In the same month as the retooling of Uncanny X-Men & Morrison’s New X-Men, a new X-Men title was launched, the third to carry “X-Men” in the title. This new series, written by Chris Claremont, was called X-Treme X-Men and took up storylines that Claremont had begun in his brief run in Uncanny X-Men, which had ended with #389. X-Treme X-Men lasted for 46 issues, ending in June 2004. Along the way, X-Treme X-Men would have an annual, a four issue miniseries called X-Treme X-Men Savage Land and a two issue miniseries called X-Treme X-Men X-Posé. After the title’s cancellation in 2004, the characters and unfinished storylines would be picked up with Claremont’s return to Uncanny X-Men with #444 in July 2004.
This title retroactively became X-Treme X-Men (1st series) after another series of the same name launched in 2012, running for 13 issues.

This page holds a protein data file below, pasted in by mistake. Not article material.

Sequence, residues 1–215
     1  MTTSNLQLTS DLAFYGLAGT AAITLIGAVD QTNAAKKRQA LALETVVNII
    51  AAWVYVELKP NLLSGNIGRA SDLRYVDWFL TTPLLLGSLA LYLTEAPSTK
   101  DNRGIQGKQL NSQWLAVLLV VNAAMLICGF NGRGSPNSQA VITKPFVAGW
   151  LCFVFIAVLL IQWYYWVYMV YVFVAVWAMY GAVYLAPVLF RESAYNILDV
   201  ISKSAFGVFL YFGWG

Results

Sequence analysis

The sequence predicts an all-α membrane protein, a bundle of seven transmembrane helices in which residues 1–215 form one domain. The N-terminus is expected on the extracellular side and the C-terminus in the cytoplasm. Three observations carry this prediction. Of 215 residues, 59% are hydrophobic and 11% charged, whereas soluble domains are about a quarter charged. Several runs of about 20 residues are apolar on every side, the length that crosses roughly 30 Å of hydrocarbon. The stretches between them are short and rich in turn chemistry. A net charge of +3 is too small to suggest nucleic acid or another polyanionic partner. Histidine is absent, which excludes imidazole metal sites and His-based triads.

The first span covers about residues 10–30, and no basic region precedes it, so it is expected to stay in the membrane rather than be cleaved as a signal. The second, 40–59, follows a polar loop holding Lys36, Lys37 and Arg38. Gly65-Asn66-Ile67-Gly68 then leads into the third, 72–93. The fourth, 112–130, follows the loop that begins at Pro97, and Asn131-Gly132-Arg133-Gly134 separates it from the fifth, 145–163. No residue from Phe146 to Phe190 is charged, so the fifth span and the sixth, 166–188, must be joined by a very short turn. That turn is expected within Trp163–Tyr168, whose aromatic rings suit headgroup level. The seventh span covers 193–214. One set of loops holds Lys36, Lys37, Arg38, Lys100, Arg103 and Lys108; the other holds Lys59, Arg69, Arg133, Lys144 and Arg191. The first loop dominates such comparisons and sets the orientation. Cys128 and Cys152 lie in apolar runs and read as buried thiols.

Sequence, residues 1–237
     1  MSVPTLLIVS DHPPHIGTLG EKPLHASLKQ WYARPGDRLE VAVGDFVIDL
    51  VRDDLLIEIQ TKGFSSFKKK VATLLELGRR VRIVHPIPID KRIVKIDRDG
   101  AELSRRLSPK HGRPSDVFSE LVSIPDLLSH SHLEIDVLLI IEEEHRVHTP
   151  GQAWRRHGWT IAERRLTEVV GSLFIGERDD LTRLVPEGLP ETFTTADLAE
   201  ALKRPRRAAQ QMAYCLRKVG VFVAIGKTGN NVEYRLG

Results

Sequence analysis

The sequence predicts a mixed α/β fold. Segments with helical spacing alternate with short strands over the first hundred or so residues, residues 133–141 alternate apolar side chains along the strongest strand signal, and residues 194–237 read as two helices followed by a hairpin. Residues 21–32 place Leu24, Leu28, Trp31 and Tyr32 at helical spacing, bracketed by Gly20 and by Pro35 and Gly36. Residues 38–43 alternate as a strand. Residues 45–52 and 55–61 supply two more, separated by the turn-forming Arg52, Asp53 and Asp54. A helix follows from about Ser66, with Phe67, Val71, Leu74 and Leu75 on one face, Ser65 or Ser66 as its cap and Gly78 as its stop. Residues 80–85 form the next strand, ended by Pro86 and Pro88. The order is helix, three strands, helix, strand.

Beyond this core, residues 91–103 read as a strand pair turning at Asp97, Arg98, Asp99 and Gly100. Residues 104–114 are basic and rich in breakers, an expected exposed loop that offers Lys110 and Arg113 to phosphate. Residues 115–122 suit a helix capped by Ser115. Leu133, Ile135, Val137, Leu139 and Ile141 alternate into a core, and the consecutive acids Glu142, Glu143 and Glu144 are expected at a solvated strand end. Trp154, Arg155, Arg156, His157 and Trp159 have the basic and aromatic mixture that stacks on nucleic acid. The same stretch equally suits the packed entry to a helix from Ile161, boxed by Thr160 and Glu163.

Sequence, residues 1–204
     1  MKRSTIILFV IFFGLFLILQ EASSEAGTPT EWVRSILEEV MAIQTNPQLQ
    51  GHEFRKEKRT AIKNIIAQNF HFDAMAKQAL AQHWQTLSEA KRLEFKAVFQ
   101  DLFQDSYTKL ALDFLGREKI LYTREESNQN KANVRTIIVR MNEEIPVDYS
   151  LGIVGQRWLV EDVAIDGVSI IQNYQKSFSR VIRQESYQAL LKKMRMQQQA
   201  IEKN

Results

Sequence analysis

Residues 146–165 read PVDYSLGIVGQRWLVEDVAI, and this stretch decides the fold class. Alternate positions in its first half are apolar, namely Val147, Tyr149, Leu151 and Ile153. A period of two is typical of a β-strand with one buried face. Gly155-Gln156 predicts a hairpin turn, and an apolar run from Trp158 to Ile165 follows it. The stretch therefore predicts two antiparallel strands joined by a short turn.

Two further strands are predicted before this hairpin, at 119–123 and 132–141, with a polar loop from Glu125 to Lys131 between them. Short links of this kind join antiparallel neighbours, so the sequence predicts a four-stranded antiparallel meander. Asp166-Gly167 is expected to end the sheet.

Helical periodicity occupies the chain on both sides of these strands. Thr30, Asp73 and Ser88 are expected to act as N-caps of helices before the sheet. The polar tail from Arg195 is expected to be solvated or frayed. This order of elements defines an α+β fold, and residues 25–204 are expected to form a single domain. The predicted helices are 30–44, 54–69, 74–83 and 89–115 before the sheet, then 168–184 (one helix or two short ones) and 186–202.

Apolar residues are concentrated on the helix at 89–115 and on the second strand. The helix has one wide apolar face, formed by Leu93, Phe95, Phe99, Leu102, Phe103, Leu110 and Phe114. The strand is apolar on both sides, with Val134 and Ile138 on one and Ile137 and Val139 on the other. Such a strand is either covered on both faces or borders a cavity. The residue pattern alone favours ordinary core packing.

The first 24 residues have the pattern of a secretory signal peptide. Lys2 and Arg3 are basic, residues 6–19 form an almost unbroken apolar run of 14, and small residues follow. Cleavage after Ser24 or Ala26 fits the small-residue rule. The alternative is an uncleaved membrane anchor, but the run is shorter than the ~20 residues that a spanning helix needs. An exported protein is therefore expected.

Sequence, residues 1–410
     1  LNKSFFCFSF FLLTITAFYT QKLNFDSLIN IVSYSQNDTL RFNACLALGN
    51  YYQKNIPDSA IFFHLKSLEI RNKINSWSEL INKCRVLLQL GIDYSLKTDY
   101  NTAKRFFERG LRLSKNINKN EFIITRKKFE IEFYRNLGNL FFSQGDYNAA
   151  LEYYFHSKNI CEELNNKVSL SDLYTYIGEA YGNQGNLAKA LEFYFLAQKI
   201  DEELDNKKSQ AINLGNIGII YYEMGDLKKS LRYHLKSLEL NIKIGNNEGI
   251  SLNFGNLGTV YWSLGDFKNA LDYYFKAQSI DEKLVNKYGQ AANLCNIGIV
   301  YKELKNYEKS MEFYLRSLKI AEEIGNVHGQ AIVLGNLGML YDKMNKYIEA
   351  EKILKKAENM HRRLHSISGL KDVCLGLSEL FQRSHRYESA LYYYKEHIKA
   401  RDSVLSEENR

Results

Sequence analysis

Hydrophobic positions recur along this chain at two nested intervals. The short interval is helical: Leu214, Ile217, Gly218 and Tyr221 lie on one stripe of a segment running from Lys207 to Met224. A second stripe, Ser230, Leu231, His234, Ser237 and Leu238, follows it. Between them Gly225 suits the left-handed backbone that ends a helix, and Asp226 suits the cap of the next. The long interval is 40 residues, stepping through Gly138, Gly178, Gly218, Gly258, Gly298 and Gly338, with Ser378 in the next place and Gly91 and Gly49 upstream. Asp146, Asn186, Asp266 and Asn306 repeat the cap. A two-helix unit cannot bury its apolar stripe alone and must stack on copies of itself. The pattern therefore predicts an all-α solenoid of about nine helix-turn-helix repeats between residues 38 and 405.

August 2001 was the last of the big changes for a while, with the debut of a new title called Exiles. A completely new title in concept, the Exiles were a hodgepodge of characters from various alternate realities, like Blink from Age of Apocalypse and Nocturne from the Professor W’s X-Men story in X-Men Millennial Visions. This popular series, one part “What If?” and one part “Sliders,” was one in which writers had nearly limitless choices, as almost all of the characters in the whole of the series were from alternate universes in which anything could happen and to whom anything could happen. This was in stark contrast to the characters from the mainstream timeline, for whom editorial would be hesitant to have extreme events occur, possibly harming the integrity or future marketability of the character.